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Comment Why pay to beta test? (Score 1) 137

Why should municipalities be paying for these "pilots?" They're really beta-testers of new stuff. The companies should be paying for the beta test, not the taxpayers. This applies to all kinds of things, not just IoT, although I know /. commenters really like to bitch about IoT.

In my municipality, the corrupt mayoral administration wants to do waste-to-energy. Okay, great, the problem is that they want to be a beta-test for an entirely new technology - a method of fermenting municipal solid waste into biofuel. The company, Anaergia, has plants in Europe that convert cow poop, human poop, and food waste into fertilizer and some fuel, but that's very, very different than regular trash. Same bullshit. Whether it's IoT or any other domain, municipalities shouldn't be footing the bill and the risk to beta test a for-profit company's technology.

Comment Re:watch the test conditions carefully (Score 1) 416

The F-35 will win, and the pork will continue to flow to the hundreds of congressional districts that get money from the F-35. The A-10 doesn't funnel billions of dollars to congressional districts

That is no longer the case. It doesn't have anything to do with congressional districts any more, it has everything to do with campaign contributors. It used to be a congressman would go to his home district and say, "reelect me, I brought in X jobs!" But now, they simply are bribed by defense contractors from any district and then use that money on TV advertisements that convince the people in their district that the other side wants to take away their guns and their medical care, sell baby parts on eBay, and let Muslims behead their children.

Comment Re:Two wrongs don't make a right... (Score 1) 301

which will just cause someone else - presumably with better network security practices - to launch an identical service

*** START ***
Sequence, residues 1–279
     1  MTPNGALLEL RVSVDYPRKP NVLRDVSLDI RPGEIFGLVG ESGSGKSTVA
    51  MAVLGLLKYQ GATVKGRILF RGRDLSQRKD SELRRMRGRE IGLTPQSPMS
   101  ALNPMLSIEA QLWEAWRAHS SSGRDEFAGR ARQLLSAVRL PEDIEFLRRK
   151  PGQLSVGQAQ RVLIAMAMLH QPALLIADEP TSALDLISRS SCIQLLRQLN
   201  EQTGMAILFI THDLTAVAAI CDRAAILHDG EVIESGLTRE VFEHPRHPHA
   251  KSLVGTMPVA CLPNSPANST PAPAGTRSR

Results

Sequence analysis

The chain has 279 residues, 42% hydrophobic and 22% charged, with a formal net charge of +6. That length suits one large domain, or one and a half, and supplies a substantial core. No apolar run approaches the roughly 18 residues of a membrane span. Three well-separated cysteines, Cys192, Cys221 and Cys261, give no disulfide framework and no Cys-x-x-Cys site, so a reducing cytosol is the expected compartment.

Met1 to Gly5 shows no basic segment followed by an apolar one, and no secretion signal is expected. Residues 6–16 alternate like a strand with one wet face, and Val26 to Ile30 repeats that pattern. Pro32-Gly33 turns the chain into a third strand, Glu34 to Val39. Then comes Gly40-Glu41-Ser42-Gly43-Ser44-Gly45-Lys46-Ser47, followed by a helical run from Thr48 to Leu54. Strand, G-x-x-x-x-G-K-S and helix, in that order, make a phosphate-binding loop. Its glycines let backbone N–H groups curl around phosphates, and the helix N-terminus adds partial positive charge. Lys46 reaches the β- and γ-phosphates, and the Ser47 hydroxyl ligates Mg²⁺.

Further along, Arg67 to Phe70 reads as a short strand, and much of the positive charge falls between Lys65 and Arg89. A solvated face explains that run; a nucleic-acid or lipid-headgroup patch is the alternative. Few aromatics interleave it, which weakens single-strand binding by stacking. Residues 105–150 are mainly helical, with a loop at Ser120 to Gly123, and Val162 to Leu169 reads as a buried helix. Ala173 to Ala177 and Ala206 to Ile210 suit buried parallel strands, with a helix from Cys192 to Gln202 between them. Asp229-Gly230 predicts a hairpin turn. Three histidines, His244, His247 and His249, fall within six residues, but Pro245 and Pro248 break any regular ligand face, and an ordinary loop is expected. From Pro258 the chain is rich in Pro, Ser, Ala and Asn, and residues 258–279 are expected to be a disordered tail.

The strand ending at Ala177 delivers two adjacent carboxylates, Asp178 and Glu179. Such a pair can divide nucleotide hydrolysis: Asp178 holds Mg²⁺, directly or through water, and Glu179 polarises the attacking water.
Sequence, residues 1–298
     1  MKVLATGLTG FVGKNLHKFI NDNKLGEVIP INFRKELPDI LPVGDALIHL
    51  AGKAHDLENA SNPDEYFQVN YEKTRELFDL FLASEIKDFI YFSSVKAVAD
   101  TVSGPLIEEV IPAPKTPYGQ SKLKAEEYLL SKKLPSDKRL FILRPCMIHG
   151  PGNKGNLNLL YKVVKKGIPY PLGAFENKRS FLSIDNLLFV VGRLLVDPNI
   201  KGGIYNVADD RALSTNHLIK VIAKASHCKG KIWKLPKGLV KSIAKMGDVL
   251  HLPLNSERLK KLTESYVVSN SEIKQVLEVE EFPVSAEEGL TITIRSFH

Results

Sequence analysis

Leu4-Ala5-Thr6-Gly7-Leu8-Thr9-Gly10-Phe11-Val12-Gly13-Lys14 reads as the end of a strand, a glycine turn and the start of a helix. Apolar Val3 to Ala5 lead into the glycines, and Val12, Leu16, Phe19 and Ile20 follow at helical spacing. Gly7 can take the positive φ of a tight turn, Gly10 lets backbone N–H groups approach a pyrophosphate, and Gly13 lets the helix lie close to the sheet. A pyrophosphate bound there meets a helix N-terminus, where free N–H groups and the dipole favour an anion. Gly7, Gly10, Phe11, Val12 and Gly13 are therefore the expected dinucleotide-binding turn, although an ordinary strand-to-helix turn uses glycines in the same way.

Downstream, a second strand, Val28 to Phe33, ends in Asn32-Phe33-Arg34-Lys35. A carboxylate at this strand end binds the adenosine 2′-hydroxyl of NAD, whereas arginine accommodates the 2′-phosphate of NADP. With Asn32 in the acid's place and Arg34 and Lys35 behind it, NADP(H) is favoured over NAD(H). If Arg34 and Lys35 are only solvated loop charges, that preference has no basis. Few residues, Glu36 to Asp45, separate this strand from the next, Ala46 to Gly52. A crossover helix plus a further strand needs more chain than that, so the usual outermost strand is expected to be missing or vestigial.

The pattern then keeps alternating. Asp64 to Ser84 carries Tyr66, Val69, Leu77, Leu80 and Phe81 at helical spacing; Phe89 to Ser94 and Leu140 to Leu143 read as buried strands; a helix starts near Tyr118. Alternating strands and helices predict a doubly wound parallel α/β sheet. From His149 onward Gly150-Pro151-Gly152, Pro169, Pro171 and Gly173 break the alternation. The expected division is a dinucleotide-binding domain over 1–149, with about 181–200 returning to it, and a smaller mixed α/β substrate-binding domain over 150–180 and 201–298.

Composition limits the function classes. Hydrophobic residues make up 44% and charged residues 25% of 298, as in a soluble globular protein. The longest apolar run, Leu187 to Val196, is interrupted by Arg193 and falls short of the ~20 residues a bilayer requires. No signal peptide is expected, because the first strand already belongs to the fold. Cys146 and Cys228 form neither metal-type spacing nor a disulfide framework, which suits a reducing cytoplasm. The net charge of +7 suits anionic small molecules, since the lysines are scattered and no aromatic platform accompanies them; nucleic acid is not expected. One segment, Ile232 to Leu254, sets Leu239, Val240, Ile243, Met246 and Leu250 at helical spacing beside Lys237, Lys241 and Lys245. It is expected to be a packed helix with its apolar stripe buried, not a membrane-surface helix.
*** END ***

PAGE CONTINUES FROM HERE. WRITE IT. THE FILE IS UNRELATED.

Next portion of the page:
People used the service because they thought it was a way to cheat without getting caught. While I'm sure there would be enough demand to make a future service profitable, I would expect the demand would be significantly reduced by this incident.

Comment Re:Did they make more than $750K profit by blockin (Score 1) 188

More to the point, if you keep getting fined for the same offenses, those fines are going to increase, and stronger measures may eventually be used to, if not assure compliance, then so damage the company that compliance ceases to be an issue.

So this company might stop doing it. But what about other companies doing this or other illegal things? It pretty much communicates that go you can go ahead and do whatever the heck you want until you get caught, because even after you've been busted the fine will be less than your profits. It's not like this is a new thing that they might not have known was illegal, they clearly just didn't give a shit because they knew if they got caught their illegal activity would still be profitable.

Comment Taking votes away from Sanders (Score 1) 458

If Lessig runs in the primary, he'll just be taking votes away from Sanders. Most anybody who would vote for Lessig would otherwise vote for Sanders, so if Sanders vs. Clinton would otherwise be extremely close, it could give Clinton the edge she needs to win the primary. If Lessig really cares about his ideals then he won't run.

Comment Re:You just described SoylentNews. (Score 1) 552

You've basically just described SoylentNews, a Slashdot clone that appeared when the Slashdot Beta shit really started heating up.

And you know what? I think it's clear that it's an absolute hell-hole that's worse than Slashdot today, even!

That community is small. It's small because many of the regular users there are best described as obnoxious extremists. They naturally drive away most normal users with their toxicity.

Then it's not really a slashdot clone (assuming what you say is true). I mean, the site may be a clone, but for most of us the community is what makes it what it is. Without the community, the thing as a whole is not a clone.

Comment Re:He stole, he got arrested (Score 1) 674

Don't you think a reprimand - "you can't do that here sir" - would have been more appropriate?

It sounds like that's exactly what the PCSO did. The problem is that rather than stopping, or even stopping while protesting it, instead he was a total asshole about it and continued to do it even though he was informed it was illegal. For any value of "it," the guy was a dumbass. If you're informed something is against the law and you refuse to stop doing it right in front of an officer, what do you expect to happen?

Comment Re:This is great, however, (Score 1) 1083

But, in many situations the concept of a domestic partner was so that same-sex couples who couldn't legally get married could still enjoy the benefits (in particular, medical insurance) of a married couple. Yes, it applied to straight couples too, because applying it only to same-sex couples would have been discrimination. Since it was created because same-sex couples couldn't be married, the concern is that it will be taken away because now they can get married. However, same-sex marriage has been legal in some states for a while now, and I haven't heard of this benefit being taken away in those places.

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